In 1958, an exhibition of paintings of Winston Churchill at the Metropolitan Museum of Art was widely publicized.  Raymond and I were invited to the opening, which was a major event in Manhattan social circles.  The English Speaking Union was largely responsible for promoting the work so many guests were from the U.K.  It was quite a formal event, with old gowns and furs that hadn’t seen the light of day in years,  extricated from moth-ball closets,  worn, regardless of the condition.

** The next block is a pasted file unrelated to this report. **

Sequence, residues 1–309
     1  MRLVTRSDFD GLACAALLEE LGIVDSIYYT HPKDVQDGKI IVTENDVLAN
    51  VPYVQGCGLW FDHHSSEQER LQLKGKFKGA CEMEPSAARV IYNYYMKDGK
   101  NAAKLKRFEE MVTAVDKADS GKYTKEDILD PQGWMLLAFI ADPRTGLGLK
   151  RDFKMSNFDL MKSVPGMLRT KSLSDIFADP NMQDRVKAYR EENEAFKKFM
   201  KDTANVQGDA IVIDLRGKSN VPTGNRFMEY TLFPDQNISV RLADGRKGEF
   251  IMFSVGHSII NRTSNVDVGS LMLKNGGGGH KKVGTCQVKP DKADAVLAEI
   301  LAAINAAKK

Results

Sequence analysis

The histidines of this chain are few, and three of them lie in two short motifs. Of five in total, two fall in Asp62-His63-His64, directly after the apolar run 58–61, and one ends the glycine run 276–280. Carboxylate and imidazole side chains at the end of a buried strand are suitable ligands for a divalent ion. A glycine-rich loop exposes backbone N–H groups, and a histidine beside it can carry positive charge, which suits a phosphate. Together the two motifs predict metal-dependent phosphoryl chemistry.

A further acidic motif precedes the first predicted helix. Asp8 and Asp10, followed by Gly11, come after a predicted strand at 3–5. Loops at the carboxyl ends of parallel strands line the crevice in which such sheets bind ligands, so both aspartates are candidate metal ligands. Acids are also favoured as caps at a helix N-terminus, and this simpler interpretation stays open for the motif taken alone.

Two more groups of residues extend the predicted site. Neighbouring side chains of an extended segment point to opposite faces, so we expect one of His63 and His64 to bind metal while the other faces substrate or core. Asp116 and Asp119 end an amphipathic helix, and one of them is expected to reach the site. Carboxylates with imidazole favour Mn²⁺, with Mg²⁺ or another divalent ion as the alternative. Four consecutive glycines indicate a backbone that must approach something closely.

Many of these Brits had survived serious war events and relocated to the safety of the U.S. sometime either during or after the war ended.  I mention this because one of the furs, an ermine cape, was held together in the back with safety pins.  Raymond caught the moment.  The big attraction, however, was the presence of celebrities, including Douglas Fairbanks, Jr., Salvador Dali, and Kenneth Clark, a major English art writer and critic.  Mr. Churchill’s landscapes were very beautiful.  - Eleanor Jacobs